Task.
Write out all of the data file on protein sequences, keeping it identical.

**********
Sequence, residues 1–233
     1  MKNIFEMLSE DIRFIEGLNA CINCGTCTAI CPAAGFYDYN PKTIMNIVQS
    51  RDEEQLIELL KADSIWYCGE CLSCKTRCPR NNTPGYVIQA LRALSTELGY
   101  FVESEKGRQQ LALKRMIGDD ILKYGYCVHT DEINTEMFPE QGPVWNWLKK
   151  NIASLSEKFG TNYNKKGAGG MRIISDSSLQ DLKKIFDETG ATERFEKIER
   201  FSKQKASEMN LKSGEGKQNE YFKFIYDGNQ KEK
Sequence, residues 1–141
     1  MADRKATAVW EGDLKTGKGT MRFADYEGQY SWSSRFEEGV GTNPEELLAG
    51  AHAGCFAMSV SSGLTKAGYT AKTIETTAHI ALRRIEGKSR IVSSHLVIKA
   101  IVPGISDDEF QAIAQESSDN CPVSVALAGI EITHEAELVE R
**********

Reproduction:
Sequence, residues 1–233
     1  MKNIFEMLSE DIRFIEGLNA CINCGTCTAI CPAAGFYDYN PKTIMNIVQS
    51  RDEEQLIELL KADSIWYCGE CLSCKTRCPR NNTPGYVIQA LRALSTELGY
   101  FVESEKGRQQ LALKRMIGDD ILKYGYCVHT DEINTEMFPE QGPVWNWLKK
   151  NIASLSEKFG TNYNKKGAGG MRIISDSSLQ DLKKIFDETG ATERFEKIER
   201  FSKQKASEMN LKSGEGKQNE YFKFIYDGNQ KEK
Sequence, residues 1–141
     1  MADRKATAVW EGDLKTGKGT MRFADYEGQY SWSSRFEEGV GTNPEELLAG
    51  AHAGCFAMSV SSGLTKAGYT AKTIETTAHI ALRRIEGKSR IVSSHLVIKA
   101  IVPGISDDEF QAIAQESSDN CPVSVALAGI EITHEAELVE R